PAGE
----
May His Abundance Never Scare You

Christian Life & Theology

My struggle with PPA after Ivan’s birth was much worse than it was with either of my girls. It came at night in waves. Just as I was about to go to sleep, I would have intrusive thoughts about Ivan suffocating. Or my girls running into the road. Of me falling down the stairs with the baby in my arms. I would wake up gasping and crying as Josh reached out to calm me, holding my head and praying me back to sleep.

I knew how to deal with it holistically and was well supported by my midwife and husband. In the throes of it, though, the anxiety felt overwhelming. I shared on Instagram how the heaviness of that season caused me to seriously doubt the goodness of God. Why did I deserve to have a living child when other women watched theirs descend to a grave? I spent months poring over books about the problem of evil. Josh started to get concerned. “You should stop reading,” He said, taking If God Why Evil? out of my hands. I took it back. “If I don’t read this I won’t have answers. I have to know. I have to know if He is good.”

When I talked about this online – after the fog lifted a bit – a woman (who I since have not been able to find and thank) sent me a direct message. She shared her story of infant loss. How the pain seemed insurmountable. How her worst fears came true. Then she shared the restoration and hope of the two subsequent babies she bore, who would never replace the one she lost but who healed and soothed her aching heart.

When you go through pain and loss, she said, you start to believe the blessings you receive will inevitably bring suffering too. It’s as if you can’t fully enjoy the goodness because doing so will usher in something “bad”.  God is standing there, holding the other shoe, ready to drop it when we like life a little too much. He has to “even out” the abundance; make sure we don’t get too happy. But that’s not who He is, she told me. The last line of her message struck like an arrow in my heart: May His abundance never scare you.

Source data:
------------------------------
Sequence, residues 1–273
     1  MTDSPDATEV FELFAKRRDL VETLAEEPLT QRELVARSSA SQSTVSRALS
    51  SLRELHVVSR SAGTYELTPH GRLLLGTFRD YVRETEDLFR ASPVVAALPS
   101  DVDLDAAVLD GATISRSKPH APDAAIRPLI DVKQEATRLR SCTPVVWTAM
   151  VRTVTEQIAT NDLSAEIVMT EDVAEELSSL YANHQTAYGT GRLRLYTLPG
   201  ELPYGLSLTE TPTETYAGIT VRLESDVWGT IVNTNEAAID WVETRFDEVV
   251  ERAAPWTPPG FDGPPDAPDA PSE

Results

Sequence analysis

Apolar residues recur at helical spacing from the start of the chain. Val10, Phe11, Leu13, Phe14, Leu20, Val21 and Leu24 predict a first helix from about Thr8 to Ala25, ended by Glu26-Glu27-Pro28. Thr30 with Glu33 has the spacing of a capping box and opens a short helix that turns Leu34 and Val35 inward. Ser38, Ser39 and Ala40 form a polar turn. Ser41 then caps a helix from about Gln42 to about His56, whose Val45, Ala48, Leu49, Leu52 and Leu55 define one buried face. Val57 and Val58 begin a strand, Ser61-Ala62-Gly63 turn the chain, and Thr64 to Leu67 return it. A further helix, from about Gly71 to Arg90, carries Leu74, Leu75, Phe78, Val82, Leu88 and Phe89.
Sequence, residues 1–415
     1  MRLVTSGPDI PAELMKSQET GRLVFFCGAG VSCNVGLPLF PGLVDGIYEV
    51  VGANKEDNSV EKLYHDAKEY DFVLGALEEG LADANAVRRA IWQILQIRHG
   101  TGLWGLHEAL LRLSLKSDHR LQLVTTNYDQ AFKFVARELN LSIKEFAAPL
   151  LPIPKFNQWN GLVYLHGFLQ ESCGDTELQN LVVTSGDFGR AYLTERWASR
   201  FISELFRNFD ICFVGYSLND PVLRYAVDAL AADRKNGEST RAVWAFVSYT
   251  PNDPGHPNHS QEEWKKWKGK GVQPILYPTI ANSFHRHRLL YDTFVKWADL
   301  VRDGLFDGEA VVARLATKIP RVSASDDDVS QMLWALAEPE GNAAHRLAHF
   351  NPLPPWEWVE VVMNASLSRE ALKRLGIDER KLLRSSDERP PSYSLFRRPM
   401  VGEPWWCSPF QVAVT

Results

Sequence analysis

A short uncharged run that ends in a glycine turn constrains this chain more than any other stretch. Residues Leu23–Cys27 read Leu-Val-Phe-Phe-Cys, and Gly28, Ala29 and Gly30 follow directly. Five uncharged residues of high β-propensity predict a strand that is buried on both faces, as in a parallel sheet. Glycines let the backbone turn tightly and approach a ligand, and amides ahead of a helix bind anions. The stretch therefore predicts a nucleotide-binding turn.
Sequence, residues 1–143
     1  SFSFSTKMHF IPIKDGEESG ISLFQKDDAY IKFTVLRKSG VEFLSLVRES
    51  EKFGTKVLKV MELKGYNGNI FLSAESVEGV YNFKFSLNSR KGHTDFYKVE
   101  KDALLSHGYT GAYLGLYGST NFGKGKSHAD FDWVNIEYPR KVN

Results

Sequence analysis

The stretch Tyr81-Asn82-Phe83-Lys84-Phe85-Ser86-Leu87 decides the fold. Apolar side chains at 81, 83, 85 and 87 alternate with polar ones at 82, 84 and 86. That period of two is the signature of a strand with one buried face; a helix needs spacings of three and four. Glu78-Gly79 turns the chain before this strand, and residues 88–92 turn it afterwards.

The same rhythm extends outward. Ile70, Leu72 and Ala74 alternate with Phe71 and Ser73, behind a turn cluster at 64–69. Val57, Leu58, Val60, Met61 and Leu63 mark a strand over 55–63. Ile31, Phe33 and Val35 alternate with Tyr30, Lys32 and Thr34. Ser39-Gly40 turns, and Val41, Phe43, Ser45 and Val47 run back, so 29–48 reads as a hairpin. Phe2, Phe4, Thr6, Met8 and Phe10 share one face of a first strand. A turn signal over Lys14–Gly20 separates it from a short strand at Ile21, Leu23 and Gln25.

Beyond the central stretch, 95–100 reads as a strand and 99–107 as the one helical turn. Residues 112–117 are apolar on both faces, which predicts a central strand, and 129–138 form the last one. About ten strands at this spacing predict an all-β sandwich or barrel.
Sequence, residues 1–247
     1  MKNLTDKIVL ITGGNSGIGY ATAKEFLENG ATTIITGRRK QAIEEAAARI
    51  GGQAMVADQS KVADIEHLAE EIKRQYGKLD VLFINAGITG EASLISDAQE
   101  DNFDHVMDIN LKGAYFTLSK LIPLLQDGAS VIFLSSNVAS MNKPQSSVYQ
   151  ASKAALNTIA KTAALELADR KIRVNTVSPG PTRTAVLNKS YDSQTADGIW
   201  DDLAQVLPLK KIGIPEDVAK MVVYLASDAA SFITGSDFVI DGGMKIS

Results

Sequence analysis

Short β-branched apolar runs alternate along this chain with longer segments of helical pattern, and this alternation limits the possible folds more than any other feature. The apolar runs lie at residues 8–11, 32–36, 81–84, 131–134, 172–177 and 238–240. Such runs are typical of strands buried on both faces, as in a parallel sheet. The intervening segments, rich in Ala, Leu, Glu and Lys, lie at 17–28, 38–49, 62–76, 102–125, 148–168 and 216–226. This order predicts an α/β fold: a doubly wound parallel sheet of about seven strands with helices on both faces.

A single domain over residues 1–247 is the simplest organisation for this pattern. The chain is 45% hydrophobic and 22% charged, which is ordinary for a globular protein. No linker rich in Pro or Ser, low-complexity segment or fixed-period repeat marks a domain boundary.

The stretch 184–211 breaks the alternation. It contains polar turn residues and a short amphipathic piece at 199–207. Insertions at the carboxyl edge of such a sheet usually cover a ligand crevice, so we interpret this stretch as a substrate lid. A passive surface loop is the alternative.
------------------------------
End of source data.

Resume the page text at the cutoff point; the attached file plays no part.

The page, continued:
That line became a balm to my heart. I made it my lock screen. My sister hammered it into copper and stitched it into my bible. On days I sense those intrusive thoughts rising again – the doubts about His goodness, the lie that the beauty of God’s blessings are just a holding pattern for suffering – I repeat those words under my breath.

May His abundance never scare you.

The lie that suffering is more holy than Sabbath seasons is just that: a lie. Suffering teaches us much; the things I’ve learned through chronic illness, surgery, job loss, false labors and a difficult marriage will be with me forever. The imprint is eternally upon my heart. But I am learning that our abundant seasons, our harvest seasons, are as full of lessons and goodness as the famine was. Refusing to accept them just shortchanges our growth. Refusing to open our hands and hearts to the fullness of God’s abundance helps no one and hurts us.

As I write, I can think of countless people walking through suffering. Two people dear to my heart have cancer. Another has two small babies in the NICU. One is wrestling for her marriage. One is navigating long term singleness. One is grieving five deaths in the last two years. I could think: I don’t deserve my blessings. I’m not in a hard season. This isn’t fair, I can’t accept it. I could do that. But I’d be making this season about me.

Accepting God’s abundance is not a motivator to greed. It’s the engine of generosity.

As we emerged from five successive years of stress, sin, and loss, our Sabbath season felt wrong.  I was accustomed to clutching my Bible-buoy while the storm battered from every side. Our sea is calm now. His abundance, which sustained us then, has blessed us with peace. And rather than fear it – rather than fear the “other shoe” – this is our season to give back. When I was clutching that buoy I had no hands to serve. I was completely consumed with my own trials. And that was okay! It was my season.

But my season has changed, and in this time of reaping I have the resources to pour out for others. I have the never-ending abundance of God  – physically, emotionally, spiritually. Without the weight of my own trials, I am that much more free to pray, to give, to serve, to reach, to gather, to love.

If I could pass the encouragement of the woman in my DMs onto you, I would. Accept the reaping season. Embrace the harvest… and invite others to your table. Rather than fear it, resent it, feel guilty for it, use it. Rather than question why God would be good to you, let His goodness permeate your heart. Let His goodness become who you are to the ones who suffer.

May His abundance never scare you, and always drive you to love.